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The Canucks need to shuffle Riley Stillman out of the lineup for the time being

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Photo credit:Bob Frid-USA TODAY Sports
Stephan Roget
6 months ago
In terms of quantity, the Vancouver Canucks have made plenty of headway in fixing their much-commented-upon blueline.
Quality remains a work in progress.
Within a single offseason, the Canucks have gone from having a dearth of NHL defenders to now having an even ten of them on the active or injured roster. Of course, with only six D able to dress each night, there’s only so much that an abundance of extras can do for a team, especially when the rotation is not as consistent as it could be.
Some fans have been frustrated at Jack Rathbone and Kyle Burroughs’ recent inability to escape the pressbox, where they’ve been relegated as healthy scratches for three games running (as of this writing.)
In their place? The established and so-called top-four of the Canucks — Quinn Hughes, Luke Schenn, Oliver Ekman-Larsson, and Tyler Myers — along with two newly-acquired defenders in Ethan Bear and Riley Stillman.
Now, Bear was just acquired after not having played at all in the season’s early going, and has shown well thus far, so no one is advocating for him to lose his spot in the lineup, at least for the time being.
Seeing Stillman dress night-in and night-out, however, in place of other options, is becoming a tougher pill to swallow.
Whereas quality has been an issue all over the Canucks’ blueline so far in 2022/23, Stillman might be the worst-performing of the bunch, and his continued inclusion in the lineup smacks of the sunk-cost fallacy.
Stillman was the among the more porous members of an overly-porous Chicago blueline in 2021/22, and yet the Canucks still paid a second round pick premium for the privilege of dumping Jason Dickinson’s contract and picking up Stillman’s at the outset of the season. It shouldn’t come as too much of a surprise that Stillman has continued to struggle in Vancouver, but the sheer magnitude of that struggle has likely caught even the Vancouver front office off-guard.
Stillman’s advanced statline is all in the red, and several key measures, including his control of scoring chances (41.49%) and high-dancer chances in specific (43.18%) are actually worse off than they were in Chicago.
But by far the most eye-catching stats are Stillman’s raw results at 5v5. There, he’s been on the ice for three Canucks goals and nine against in just eight games played. Only Ekman-Larsson (12) and Hughes (ten) have been on the ice for more even-strength goals against, and they’ve each played about double the minutes that Stillman has, thus far.
That’s a rate of about a goal against for every ten minutes of 5v5 play that Stillman has been on the ice for. That’s not a good rate.
Those minutes, too, have been limited and heavily sheltered. He’s bleeding those goals against while playing an average of 13:59 a night, with 57.8% of his shifts starting in the offensive zone and almost all of them matching up against bottom-six competition.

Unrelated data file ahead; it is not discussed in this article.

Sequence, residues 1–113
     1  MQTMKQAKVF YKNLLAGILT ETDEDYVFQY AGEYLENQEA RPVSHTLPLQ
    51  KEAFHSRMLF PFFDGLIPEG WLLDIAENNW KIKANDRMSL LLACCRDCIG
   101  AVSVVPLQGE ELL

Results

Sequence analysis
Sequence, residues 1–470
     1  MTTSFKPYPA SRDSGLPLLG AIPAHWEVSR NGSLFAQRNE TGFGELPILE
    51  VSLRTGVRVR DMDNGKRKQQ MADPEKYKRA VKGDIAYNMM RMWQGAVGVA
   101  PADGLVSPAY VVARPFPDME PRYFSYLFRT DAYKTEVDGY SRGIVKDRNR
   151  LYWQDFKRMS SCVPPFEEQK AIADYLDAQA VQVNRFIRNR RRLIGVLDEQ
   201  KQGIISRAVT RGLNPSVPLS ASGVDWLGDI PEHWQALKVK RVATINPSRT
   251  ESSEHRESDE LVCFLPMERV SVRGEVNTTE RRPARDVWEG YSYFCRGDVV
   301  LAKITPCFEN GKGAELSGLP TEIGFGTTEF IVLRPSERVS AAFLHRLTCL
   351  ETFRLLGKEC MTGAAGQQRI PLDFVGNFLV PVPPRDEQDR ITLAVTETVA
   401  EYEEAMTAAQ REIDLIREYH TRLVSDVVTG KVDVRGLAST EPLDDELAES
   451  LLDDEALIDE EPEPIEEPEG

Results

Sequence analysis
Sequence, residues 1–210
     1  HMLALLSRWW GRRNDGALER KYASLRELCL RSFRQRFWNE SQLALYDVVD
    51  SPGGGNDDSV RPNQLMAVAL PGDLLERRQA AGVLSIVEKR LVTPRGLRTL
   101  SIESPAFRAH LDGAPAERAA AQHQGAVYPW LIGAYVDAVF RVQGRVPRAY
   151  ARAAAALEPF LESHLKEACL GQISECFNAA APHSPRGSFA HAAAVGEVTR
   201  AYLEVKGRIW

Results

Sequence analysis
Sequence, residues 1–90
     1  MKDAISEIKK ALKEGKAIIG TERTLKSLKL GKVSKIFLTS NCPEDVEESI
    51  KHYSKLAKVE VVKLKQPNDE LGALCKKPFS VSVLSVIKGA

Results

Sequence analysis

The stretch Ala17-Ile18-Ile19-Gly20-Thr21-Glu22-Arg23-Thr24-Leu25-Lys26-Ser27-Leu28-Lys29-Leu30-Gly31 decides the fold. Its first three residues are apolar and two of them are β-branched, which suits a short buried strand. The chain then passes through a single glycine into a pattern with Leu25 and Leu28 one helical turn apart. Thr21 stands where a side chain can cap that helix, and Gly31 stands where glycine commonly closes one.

All that, and yet Stillman is still getting eviscerated.
Unfortunately, the eye-test doesn’t do much to counter the narrative of Stillman needing a break from the lineup.
Stillman keeps getting caught taking classes from the Erik Gudbranson School of Losing Your Checks in the Defensive Zone, and the amount of turnstiling going on is borderline disturbing.
If he’s not getting caught out of position, he can often be found making the kind of inexplicable decisions that Vancouver fans begrudgingly accept from Tyler Myers, but that realistically have no rightful place coming off the stick of a genuine NHL player.
And then there’s the pinches. Whether in the attempt to throw a “big hit” or just because, Stillman getting caught up ice is definitely starting to become a problem.
None of which is to say that Stillman is an irredeemable asset at this point, or that he deserves to be permanently removed from the lineup, or even that the options waiting in the wings to replace him are of much guarantee to be dramatically better.
Everyone wants to see the rookie Rathbone freed from the pressbox, but in many of those same analytical regards, Rathbone has performed as poorly, if not worse, than Stillman thus far on the season.
Burroughs, meanwhile, suffers from many of the same skill-based shortcomings as Stillman, and neither should probably be spending much time in a team’s top-six.
But both defenders are, at the very least, worthy of having an equal place in the Canucks’ rotation as Stillman, and the longer they go without being given their fair shake, the harder it is to ignore that the only real reason Stillman hasn’t been sat so far is the cost that the Canucks paid to pick him up in the first place.
That second round pick was costly, no doubt. And given Dickinson’s early run of success in Chicago, the deal already looks a little unbalanced. Should Dickinson continue to show well and Stillman continue to flame out, it looks like an awful trade, to be sure.
But the cost is sunk. There’s nothing that can be done about it now. Continuing to trot Stillman out there to bleed goals against isn’t helping anyone.
Rathbone needs to play. Burroughs deserves to. And Stillman has done as much as anyone — and more than most — to earn a healthy scratch by this point.
The Canucks could rectify this as soon as Tuesday, and the sooner the better, because Travis Dermott is set to return from injury in the days or weeks to come, and that’s yet another body that is going to need to be fit into the mix.
If Dermott returns and takes Stillman’s spot in the lineup before Rathbone and/or Burroughs have escaped the pressbox, that’s going to be a frustrating outcome for many in the fanbase.
Especially when there’s no good reason for it, and at least one bad one.

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